Background Indoleamine 2,3-dioxygenase (IDO) can promote tryptophan metabolism to kynurenine and modulate regulatory T cells (Tregs), thereby maintains lower efficiency to induce tolerance. Our aim is to investigate the mechanism of tolerance induction by a IDO metabolite named Immutol.
We established rat heterotopic heart transplantation models and treated them with Immutol, cyclosporine A (CsA) and 1-methyl-DL-tryptophan (1-MT) in vivo. The drugs were administered via gavage to all but the control group one day before surgery. CsA was gavaged continually for 20 days and Immutol for 60 days; after withdrawal of the drugs, the recipients were observed for at least 10 months. Immune cells were analyzed by flow cytometry. The IDO signaling pathway was evaluated by Western blotting, RT-PCR and immunochemical staining. Enzyme-linked immunosorbent assays (ELISAs) were used to detect changes in cytokines.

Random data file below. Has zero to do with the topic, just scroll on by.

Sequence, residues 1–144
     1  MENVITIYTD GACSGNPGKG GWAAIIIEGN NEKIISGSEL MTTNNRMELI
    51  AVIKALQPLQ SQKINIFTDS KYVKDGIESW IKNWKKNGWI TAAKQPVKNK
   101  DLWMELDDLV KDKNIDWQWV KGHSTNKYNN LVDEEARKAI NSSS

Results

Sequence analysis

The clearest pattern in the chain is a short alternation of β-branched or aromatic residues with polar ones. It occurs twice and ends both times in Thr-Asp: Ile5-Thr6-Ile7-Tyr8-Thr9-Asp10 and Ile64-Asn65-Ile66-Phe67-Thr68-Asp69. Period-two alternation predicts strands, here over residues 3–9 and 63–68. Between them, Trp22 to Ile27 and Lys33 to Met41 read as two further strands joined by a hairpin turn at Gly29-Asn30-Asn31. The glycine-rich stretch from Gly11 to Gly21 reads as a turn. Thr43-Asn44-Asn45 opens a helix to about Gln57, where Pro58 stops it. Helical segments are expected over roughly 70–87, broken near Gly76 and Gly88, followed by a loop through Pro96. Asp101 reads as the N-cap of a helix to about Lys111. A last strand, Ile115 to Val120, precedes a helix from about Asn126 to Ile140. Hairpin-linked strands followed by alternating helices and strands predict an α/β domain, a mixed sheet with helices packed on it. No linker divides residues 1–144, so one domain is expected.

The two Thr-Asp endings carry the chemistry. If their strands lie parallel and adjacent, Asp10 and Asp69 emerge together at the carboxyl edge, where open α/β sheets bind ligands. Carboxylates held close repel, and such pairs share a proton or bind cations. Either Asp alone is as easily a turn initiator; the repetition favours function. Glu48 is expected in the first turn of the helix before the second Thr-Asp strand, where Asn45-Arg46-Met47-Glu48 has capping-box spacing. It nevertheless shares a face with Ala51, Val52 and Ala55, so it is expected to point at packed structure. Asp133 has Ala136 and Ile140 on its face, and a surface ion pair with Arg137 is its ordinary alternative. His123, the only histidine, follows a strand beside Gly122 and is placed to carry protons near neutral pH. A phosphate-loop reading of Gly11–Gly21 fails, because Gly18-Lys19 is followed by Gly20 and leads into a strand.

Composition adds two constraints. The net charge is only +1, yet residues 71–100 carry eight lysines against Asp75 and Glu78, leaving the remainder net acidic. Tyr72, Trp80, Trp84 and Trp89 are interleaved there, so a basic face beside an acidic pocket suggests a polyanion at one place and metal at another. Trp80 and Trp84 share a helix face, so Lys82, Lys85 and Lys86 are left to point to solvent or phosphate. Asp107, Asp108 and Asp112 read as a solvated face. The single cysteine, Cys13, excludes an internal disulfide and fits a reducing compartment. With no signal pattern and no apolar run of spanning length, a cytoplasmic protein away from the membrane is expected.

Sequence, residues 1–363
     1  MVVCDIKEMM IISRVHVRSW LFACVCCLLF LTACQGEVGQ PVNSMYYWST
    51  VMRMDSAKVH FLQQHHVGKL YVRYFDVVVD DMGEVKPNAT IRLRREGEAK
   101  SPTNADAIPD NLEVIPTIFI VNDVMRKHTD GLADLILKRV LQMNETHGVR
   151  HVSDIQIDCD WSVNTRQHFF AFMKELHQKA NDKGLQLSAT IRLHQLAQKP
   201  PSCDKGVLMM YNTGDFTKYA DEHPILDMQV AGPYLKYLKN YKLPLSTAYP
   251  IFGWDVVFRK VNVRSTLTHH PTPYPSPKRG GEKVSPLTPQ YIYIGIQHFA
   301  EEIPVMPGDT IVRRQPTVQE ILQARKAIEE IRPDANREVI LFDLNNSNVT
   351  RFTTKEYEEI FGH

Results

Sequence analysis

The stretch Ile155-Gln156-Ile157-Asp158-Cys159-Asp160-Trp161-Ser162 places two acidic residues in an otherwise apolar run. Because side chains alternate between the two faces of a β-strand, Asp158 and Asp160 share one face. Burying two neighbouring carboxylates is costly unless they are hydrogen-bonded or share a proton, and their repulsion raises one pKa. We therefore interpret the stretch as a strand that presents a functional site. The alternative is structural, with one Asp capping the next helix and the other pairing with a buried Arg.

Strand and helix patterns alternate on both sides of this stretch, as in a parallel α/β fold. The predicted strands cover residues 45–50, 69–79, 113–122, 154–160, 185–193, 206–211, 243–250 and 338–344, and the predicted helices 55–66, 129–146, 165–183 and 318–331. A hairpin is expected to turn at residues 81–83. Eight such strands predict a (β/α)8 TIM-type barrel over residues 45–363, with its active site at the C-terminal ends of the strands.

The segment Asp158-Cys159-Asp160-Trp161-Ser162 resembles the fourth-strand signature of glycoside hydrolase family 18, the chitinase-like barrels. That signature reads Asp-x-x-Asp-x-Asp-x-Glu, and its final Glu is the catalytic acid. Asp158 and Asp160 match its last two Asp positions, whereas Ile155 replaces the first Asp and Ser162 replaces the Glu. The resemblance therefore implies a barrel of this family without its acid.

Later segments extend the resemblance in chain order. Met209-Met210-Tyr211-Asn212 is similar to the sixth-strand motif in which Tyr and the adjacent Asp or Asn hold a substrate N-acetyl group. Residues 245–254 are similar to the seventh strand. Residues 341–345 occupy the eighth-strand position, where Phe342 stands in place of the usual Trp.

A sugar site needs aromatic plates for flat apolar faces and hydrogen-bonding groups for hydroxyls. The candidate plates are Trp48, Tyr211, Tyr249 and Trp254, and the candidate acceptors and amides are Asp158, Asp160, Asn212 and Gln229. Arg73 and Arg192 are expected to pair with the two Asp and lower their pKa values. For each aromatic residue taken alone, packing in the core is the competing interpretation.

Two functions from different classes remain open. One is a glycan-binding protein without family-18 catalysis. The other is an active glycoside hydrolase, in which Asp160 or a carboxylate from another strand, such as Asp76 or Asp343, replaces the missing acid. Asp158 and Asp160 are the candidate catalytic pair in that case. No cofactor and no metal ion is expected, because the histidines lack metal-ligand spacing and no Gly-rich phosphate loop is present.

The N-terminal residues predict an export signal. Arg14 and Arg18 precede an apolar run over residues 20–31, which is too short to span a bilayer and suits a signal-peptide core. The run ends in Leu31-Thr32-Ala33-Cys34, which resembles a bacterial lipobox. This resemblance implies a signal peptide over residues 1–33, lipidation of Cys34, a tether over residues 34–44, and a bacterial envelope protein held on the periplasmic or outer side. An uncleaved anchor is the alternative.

CsA or Immutol alone prolonged survival but did not induce tolerance after withdrawal. Immutol+CsA inhibited acute rejection, and the grafts survived more than 400 d, with tolerance detected in most rats (13/15). Increased protein IDO and kynurenine could regulate the accumulation of CD4Tregs, CD8Tregs and pDC to induce immune tolerance. I-MT specifically blocked IDO, weakened the expression of IDO and kynurenine, and produced grafts rejection. Additionally, Tregs could down-regulate immune responses through production of the immunosuppressive cytokines IL-10 and TGF-beta, thus induce immune tolerance. CD8 Tregs produce IFN-γ, and tolerance is dependent on both IFN-γ and IDO.
Immutol combined with CsA can control acute rejection and induce tolerance in rats with cardiac allografts after withdrawal. Immutol may become a novel drug for future clinical use.

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